Birds found dead in oil slick

By Jamie Morton, Paul Harper, APNZ

Crew have stayed on board the Rena, stuck fast on Astrolabe Reef, as water is pumped from flooded cargo holds. Photo / Alan Gibson
Crew have stayed on board the Rena, stuck fast on Astrolabe Reef, as water is pumped from flooded cargo holds. Photo / Alan Gibson

Four birds have been found dead in an oil slick near a container ship stranded on a reef off the coast of Tauranga.

A 2km oil slick is streaming from the Rena, which went aground 12 nautical miles off the coast early yesterday morning.

Oiled Wildlife Response Coordinator Kerri Morgan, from Massey University, said an oiled wildlife response centre would be set up at the Tauranga Wastewater treatment plant and another base will be set up on Motiti Island, near the point where the ship is grounded.

Maritime New Zealand says an aerial observation flight this morning found a oil had leaked from the MV Rena overnight, leading to a light oil slick.

The Rena is at the centre of a big salvage and environmental management effort since is struck the Astrolabe Reef north of Motiti Island about 2.20am yesterday.

Dangerous items were understood to be aboard the container ship - this morning that was confirmed as an alloy used in making steel.

The National Response Team was advised of the leak during pumping operations around 10pm last night.

The National On-Scene Commander, Rob Service, said the flight this morning had confirmed a slick of thinly spread oil streaming around 2000 metres in a narrow strip from the ship.

Mr Service said the on-water assessment would provide a clearer picture of what the oil spill response team was dealing with.

If the dispersant tests by experts were successful, it is likely a dispersant operation would be launched this afternoon.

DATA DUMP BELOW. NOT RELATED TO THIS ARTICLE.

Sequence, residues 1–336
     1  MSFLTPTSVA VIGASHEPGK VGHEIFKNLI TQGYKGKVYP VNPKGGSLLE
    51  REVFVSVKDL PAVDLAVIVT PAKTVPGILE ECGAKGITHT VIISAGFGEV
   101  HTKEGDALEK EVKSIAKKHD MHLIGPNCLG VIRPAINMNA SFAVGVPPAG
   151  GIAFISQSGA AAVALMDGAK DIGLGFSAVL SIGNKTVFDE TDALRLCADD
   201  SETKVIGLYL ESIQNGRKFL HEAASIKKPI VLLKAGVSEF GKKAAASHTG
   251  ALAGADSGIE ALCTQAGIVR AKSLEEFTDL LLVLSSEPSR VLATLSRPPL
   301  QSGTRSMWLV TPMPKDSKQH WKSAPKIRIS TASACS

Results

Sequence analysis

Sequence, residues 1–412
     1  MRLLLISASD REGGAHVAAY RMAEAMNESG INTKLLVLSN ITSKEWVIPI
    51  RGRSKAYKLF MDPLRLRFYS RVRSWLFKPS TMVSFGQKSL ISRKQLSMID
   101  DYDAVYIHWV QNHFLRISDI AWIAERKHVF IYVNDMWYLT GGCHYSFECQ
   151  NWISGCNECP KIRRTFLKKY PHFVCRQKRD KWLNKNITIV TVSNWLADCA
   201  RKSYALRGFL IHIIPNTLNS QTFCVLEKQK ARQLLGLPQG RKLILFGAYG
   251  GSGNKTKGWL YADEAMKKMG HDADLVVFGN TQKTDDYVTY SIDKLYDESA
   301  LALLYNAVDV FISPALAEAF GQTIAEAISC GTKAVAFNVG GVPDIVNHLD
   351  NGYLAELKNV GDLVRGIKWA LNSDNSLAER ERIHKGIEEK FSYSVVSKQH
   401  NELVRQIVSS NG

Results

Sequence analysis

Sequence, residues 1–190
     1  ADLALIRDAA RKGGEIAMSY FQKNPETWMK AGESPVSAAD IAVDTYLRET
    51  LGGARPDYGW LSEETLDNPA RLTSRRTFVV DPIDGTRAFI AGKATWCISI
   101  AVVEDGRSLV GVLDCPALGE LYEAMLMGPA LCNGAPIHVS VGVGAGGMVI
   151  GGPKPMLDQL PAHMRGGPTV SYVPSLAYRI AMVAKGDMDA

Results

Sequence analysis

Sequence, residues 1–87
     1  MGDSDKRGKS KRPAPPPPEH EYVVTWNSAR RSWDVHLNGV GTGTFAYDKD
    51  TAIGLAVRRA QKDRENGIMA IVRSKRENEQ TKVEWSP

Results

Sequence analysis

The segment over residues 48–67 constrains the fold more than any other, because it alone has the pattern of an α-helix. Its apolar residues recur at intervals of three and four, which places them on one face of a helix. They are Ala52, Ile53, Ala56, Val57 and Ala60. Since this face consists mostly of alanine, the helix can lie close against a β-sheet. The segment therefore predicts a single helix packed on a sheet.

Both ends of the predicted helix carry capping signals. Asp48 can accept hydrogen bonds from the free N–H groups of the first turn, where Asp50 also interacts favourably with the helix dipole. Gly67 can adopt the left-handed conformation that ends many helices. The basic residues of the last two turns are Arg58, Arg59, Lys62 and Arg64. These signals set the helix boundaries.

The operation will only work if there's a significant amount of oil in the water.

Dispersant works by diluting the oil in the water and assisting its natural breakdown.

Mr Service said dispersant operations were only undertaken after careful consideration of the impact on the environment.

Representatives of the salvage company were now on the vessel and had confirmed the leak had stopped and only a small volume of oil had gone into the water.

An oil sheen in the water yesterday morning was put down to a hydraulic leak that was expected to disperse easily and not pose environmental risks.

Ready for the worst

Several specialist groups, including the maritime incident response team, wildlife experts and oil spill specialists the national response team have responded to the incident.

About 25 response team members have set up an incident command centre in Tauranga and would lead the response and be ready to act in the event of a large spill.

Maritime New Zealand said supplies from the national oil spill response equipment stockpile arrived in Tauranga overnight and have been readied for deployment this morning.

"While reports of a leak are unfortunate, they are not unexpected. We were lucky in the sense that we had all of yesterday to get the team to Tauranga and get plans, equipment and people in place," Mr Service said.

"We are ready to launch whatever level of response the situation requires."

Wildlife experts from Massey University went on an observation flight over the vessel yesterday to assess wildlife populations in the area. They are working with local specialists, including the Department of Conservation to plan how to manage any affected wildlife.

Dangerous goods on the vessel